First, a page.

Tired of Fed-watching, saver? Watch these banks instead
September 17, 2014
Since the Great Recession, the U.S. economy has seemed to change direction as often as the wind. But at least one trend has stood throughout this period, much to the dismay of savers everywhere: historically low deposit rates.
After recent speculation that the Federal Reserve may raise rates – or at least signal new intentions to raise rates soon – the Fed today reiterated its commitment to low rates in the statement from its latest meeting.
For depositors, these words confirmed that the era of abysmally low rates on savings accounts, money market accounts and certificates of deposit will remain for the foreseeable future.
“The Fed’s low-interest-rate policy has been a boon to borrowers, but devastating to people who have seen the interest on their savings wiped out,” says Richard Barrington, CFA, senior financial analyst for MoneyRates.com.
Yet not all hope is lost for savers. One unique feature of today’s interest rate landscape is that the range of deposit rates, in a way, has never been wider.
How so? While the average savings account is paying a dismal 0.06 percent annually, the top accounts in that category are offering rates near 1 percent. That means you can find rates roughly 15 times the national average if you’re willing to shop around today – something that’s not usually possible in a normal interest rate environment.
In more concrete terms, that means a $100,000 nest egg can today either earn about $60 annually in a savings account with an average rate – or nearly $1,000 in an account that pays a leading rate.
“It’s easy to look at these small percentages and dismiss the differences as trivial,” says Barrington. “However, when you look at it in dollar terms, it’s clear that shopping for rates is still worth the time.”
Yeah but still …
OK, so fraction-of-a-percent advantages still may not be enticing enough for you to switch banks, particularly if your current balance is below $100,000. But ignoring the trends in banking today may cost you more dearly once rates finally reverse course and begin to rise.
While rates remain low overall, a number of banks – many of them online-only institutions – have led the pack for competitive rates for some time now. This apparent eagerness for deposits makes them some of the best institutions to watch when rates finally start climbing – and the discrepancies between bank rates take the shape of percentage points instead of basis points.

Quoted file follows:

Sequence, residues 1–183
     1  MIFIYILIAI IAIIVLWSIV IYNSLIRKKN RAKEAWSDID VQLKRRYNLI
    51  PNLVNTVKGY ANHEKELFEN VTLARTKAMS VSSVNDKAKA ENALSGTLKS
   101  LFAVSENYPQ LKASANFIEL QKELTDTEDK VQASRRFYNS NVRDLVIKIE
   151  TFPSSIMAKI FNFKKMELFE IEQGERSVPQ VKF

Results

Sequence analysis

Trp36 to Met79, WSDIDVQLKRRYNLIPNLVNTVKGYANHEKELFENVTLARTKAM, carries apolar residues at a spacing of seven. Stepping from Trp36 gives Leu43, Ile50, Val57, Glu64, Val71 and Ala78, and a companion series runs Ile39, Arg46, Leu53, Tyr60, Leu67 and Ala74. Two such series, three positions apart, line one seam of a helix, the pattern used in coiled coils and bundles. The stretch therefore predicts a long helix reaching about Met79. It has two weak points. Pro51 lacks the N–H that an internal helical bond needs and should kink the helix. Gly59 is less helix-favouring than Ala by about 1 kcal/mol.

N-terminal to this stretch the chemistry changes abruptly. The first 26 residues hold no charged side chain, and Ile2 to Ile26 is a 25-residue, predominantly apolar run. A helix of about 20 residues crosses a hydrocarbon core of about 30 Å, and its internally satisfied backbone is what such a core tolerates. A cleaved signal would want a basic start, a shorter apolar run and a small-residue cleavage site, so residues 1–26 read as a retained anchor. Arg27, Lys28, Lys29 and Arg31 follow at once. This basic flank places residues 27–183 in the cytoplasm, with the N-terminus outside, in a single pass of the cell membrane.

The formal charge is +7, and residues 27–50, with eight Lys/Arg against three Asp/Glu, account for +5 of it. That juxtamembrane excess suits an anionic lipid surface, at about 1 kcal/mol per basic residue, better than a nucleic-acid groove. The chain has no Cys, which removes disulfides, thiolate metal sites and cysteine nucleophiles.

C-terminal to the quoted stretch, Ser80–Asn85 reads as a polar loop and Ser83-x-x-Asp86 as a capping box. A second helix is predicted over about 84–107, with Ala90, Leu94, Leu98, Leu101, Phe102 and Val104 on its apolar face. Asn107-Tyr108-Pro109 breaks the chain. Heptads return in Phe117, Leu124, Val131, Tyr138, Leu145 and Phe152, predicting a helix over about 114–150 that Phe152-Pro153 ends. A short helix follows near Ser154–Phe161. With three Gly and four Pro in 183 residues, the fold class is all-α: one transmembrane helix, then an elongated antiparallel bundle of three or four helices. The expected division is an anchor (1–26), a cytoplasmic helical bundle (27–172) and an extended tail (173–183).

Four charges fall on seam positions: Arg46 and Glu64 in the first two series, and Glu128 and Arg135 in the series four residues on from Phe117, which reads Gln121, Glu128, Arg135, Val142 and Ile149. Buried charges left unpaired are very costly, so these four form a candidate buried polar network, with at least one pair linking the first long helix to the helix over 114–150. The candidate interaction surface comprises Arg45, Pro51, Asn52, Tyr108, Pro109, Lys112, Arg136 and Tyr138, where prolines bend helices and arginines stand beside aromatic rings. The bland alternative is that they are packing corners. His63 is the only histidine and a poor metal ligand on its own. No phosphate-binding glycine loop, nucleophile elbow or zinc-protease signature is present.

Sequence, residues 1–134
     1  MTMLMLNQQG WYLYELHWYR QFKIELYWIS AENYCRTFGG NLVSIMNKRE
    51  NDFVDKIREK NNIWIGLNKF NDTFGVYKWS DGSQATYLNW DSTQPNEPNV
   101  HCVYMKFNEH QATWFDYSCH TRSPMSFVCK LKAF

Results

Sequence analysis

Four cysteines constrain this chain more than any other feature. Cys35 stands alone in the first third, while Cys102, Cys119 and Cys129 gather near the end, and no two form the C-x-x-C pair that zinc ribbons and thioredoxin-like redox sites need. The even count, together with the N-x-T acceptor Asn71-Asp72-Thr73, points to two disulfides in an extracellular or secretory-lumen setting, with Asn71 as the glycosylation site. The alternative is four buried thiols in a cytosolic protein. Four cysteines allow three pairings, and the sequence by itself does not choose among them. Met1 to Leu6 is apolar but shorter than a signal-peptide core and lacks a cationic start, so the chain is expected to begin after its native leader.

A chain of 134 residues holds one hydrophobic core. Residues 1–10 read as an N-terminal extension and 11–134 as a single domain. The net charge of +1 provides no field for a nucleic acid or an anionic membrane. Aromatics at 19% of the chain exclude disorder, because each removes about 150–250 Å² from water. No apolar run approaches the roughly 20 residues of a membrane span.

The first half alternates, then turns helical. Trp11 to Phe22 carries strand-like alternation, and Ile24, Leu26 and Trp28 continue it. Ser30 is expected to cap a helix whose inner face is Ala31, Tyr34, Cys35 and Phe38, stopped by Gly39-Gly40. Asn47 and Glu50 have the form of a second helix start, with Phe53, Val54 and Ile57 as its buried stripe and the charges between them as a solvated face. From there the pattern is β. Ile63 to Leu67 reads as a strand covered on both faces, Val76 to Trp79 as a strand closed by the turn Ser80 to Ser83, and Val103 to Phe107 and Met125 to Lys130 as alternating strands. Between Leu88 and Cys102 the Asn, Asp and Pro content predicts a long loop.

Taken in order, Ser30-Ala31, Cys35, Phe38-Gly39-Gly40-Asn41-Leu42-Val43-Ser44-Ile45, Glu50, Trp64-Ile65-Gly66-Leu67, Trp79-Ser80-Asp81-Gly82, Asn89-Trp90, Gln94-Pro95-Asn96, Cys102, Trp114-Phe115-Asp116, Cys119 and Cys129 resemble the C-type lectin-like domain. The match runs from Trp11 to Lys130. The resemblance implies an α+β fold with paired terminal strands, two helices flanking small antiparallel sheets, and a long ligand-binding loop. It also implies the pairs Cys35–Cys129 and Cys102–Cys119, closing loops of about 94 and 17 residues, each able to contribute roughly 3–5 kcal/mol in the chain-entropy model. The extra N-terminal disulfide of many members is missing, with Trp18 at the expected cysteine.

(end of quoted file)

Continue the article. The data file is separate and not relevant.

To help acquaint you with some of the current deposit-rate frontrunners, here are some of the top-paying banks, in no particular order, as revealed by recent MoneyRates.com research.
This UK-based financial giant took a bold step into the U.S. retail banking space in 2012 with the introduction of a line of online-only accounts. Its savings account rate has stood at highly competitive levels ever since, earning that account a top-three finish in the MoneyRates.com America’s Best Rates survey – a quarterly study that examines the savings and money market rates offered by top banks – in each of the last four quarters.
2. Synchrony Bank
Like Barclays’ vehicles, Synchrony has online savings accounts. Also like Barclays, Synchrony has signaled an aggressive desire for consumer deposits through its industry-leading rates in recent months. Its savings account topped that category in the second-quarter installment of America’s Best Rates, posting an average annual percentage yield of 0.95 percent over that period.
3. Doral Bank
Not sure about the online-banking thing? As the top branch-based institution for savings accounts in the latest America Best Rates survey, Doral Bank may have what you’re looking for. The only caveat? The award-winning Doral rates were offered through its New York-based branches, so if you want high rates and branch-based service, you’ll need to be positioned accordingly. (Doral also has U.S. branches in Florida, but as of this writing, its rates there were well below that of its New York-based offerings).
4. Ally Bank
Despite slipping slightly in the last America’s Best Rates survey – it finished sixth place in the savings account category and tied for third in the money market account bracket – Ally can still claim a certain consistency in its rates: Its savings account topped the rankings in MoneyRates.com’s Best Savings Account 2014 feature, a study that averaged four quarters of rate data to identify the top-performing accounts for the year. Thus if you’re looking for a bank that has a strong history of competitive savings account rates, you could certainly do worse than Ally.
5. Your local midsized bank
The America’s Best Rates data also measures how well specific categories of banks are paying on their accounts. (In case you couldn’t guess from the list above, online banks are the foremost standout category, offering average rates several times that of those at brick-and-mortar banks.) But if you’d like to stay local and branch-based in your banking, you may do best to skip both the behemoths and the micro-banks: Midsized banks, or those with between $5 billion and $10 billion in deposits, offered average rates more than 10 basis points higher than their smaller and larger counterparts – though their average of 0.28 percent is still well below all of the banks noted above.
While the Fed’s inaction may be yet another disappointment to depositors, it might also be seen as a call-to-arms for them to reject today’s average deposit rates. As a bonus, when the Fed finally does nudge rates upward, having an account that offered decent rates throughout the hard times may suddenly pay off in a much bigger way.